Pakistan once had the promise of becoming a truly modern secular state but it has increasingly succumbed to indulging religious fanatics who seek to impose a theocracy on the nation. Their blasphemy laws have been used to attack both Muslims and non-Muslims, using bogus allegations that the victims had made statements denigrating the prophet Mohammed or desecrating the Koran.
Now comes reports that they have murdered a popular singer Amjad Sabri who was not only a Muslim but sang deeply devotional Muslim songs.
The TTP Hakimullah Mehsud group — aka the Pakistani Taliban — has claimed responsibility for Sabri’s death, saying that they carried out the assassination “for blasphemy.”
The richly baritoned Sabri was part of one of South Asia’s most celebrated singing families. His late father, Ghulam Farid Sabri, and late uncle, Maqbool Sabri, were known together as The Sabri Brothers. The family specializes in the art of qawwali — an important Muslim devotional tradition. Like his ancestors, Amjad Sabri spent his life singing praises to God and the Prophet Muhammad.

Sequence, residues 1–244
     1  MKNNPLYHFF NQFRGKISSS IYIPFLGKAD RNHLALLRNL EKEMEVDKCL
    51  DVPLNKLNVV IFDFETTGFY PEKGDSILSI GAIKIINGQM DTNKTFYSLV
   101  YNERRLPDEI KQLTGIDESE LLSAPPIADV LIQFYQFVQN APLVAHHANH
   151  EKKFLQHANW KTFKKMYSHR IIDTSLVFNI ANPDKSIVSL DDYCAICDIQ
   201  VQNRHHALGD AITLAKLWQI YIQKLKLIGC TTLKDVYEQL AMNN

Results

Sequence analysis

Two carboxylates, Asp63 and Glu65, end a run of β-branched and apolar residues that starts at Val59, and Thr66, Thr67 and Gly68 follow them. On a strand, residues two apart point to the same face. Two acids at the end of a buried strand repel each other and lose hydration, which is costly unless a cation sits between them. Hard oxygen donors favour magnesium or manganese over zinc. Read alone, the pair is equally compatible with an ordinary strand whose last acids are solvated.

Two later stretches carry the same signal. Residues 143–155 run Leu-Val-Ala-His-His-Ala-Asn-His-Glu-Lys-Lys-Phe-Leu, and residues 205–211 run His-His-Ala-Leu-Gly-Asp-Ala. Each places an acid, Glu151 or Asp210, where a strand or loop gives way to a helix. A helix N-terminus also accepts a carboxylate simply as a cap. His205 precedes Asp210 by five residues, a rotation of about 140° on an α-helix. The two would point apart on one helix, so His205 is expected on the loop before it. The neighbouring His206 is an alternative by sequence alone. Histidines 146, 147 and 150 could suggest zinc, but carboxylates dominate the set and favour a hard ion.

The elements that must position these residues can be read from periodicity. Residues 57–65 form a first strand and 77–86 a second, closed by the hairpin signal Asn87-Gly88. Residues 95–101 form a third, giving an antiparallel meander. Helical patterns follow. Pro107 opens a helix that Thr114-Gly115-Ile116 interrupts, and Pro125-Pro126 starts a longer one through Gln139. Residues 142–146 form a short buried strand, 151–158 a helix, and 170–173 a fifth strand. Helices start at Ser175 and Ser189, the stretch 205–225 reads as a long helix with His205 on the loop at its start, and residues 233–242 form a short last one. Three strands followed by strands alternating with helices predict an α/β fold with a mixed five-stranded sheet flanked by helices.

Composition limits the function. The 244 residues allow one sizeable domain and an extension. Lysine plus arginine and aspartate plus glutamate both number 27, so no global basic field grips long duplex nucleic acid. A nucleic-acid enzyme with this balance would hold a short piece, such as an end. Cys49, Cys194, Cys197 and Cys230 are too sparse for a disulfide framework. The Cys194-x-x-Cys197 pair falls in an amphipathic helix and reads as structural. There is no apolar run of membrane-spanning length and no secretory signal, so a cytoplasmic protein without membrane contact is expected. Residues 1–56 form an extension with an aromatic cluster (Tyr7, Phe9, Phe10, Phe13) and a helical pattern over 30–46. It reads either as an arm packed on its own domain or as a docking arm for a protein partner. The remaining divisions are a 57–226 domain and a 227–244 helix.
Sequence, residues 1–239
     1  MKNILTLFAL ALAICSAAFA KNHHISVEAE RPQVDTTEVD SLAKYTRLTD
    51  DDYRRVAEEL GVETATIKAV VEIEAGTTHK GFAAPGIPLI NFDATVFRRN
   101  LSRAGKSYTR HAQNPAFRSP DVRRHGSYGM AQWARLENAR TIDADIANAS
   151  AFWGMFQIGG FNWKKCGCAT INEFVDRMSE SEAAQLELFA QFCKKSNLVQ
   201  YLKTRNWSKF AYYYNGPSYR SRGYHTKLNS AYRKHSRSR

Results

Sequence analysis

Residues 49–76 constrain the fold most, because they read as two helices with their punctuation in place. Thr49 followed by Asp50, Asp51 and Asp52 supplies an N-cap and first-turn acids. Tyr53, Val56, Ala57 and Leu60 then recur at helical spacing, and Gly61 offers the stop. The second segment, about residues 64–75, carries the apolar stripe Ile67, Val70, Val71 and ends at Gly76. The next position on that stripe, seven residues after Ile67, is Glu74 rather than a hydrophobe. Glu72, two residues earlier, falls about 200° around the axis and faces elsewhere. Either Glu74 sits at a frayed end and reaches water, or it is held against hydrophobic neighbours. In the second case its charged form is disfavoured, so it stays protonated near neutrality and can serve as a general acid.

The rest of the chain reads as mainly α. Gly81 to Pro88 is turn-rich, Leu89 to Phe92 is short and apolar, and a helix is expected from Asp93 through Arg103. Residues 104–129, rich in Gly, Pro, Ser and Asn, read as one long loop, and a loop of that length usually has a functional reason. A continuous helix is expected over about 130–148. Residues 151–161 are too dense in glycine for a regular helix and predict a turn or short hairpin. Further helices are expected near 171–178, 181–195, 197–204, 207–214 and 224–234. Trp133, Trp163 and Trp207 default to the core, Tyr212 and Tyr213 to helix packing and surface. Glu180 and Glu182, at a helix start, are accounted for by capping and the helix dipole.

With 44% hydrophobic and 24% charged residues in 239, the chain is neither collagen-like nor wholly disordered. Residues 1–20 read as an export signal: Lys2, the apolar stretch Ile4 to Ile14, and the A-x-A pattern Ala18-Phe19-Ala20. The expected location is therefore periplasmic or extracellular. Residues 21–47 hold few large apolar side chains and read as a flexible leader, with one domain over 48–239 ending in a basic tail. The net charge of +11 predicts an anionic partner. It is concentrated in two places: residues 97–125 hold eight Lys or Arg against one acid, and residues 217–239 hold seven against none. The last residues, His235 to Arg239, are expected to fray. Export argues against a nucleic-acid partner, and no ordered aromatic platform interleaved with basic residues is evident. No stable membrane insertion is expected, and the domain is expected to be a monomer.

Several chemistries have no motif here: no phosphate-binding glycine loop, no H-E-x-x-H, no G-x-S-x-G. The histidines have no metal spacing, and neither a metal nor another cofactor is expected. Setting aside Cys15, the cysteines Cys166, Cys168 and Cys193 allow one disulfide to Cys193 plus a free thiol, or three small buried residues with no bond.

Qawwali is a tradition that has lasted about 700 years in South Asia — home to about a third of the world’s Muslim population — going from Persia into what is now India and Pakistan. It is, for its performers and audiences, a conduit for experiencing the divine.
In South Asia, qawwali is also one of the most popular and relatable expressions of Islam and of Sufism — the hugely diverse, mystical branch of Islam that emphasizes having a personal connection to God, as well as embracing tolerance, peace and equality.
So what was the problem? The singer was not rigid enough because of his inclusion of Sufism. Besides, for religious fanatics who think that they alone possess the true faith, ‘tolerance, peace and equality’ are such terrible things that they must be stamped out.